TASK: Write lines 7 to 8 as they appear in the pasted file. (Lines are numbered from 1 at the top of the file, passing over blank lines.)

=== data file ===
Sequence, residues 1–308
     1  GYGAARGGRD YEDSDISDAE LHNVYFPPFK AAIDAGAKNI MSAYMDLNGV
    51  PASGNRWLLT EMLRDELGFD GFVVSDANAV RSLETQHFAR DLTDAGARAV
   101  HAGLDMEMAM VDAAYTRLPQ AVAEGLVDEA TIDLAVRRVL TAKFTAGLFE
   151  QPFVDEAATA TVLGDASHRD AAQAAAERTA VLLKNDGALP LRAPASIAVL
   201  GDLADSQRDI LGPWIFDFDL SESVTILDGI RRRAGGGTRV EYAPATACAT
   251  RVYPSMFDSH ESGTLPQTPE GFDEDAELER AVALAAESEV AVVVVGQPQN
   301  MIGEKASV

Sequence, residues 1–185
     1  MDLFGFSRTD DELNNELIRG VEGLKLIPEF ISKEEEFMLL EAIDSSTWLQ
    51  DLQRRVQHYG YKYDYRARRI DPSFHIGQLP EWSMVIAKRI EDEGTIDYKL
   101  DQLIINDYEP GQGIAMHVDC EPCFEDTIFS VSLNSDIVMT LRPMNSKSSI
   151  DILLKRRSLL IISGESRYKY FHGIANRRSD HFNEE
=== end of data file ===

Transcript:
   251  RVYPSMFDSH ESGTLPQTPE GFDEDAELER AVALAAESEV AVVVVGQPQN
   301  MIGEKASV